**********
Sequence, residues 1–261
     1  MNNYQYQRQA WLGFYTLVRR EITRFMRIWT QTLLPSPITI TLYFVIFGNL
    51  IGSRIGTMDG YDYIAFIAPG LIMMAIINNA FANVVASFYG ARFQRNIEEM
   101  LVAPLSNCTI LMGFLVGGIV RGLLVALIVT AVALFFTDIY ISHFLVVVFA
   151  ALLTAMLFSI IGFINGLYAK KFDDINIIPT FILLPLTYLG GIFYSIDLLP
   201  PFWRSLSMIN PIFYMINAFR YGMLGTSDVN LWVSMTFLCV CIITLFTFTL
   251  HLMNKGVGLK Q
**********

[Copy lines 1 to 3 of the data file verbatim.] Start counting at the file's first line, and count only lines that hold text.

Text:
Sequence, residues 1–261
     1  MNNYQYQRQA WLGFYTLVRR EITRFMRIWT QTLLPSPITI TLYFVIFGNL
    51  IGSRIGTMDG YDYIAFIAPG LIMMAIINNA FANVVASFYG ARFQRNIEEM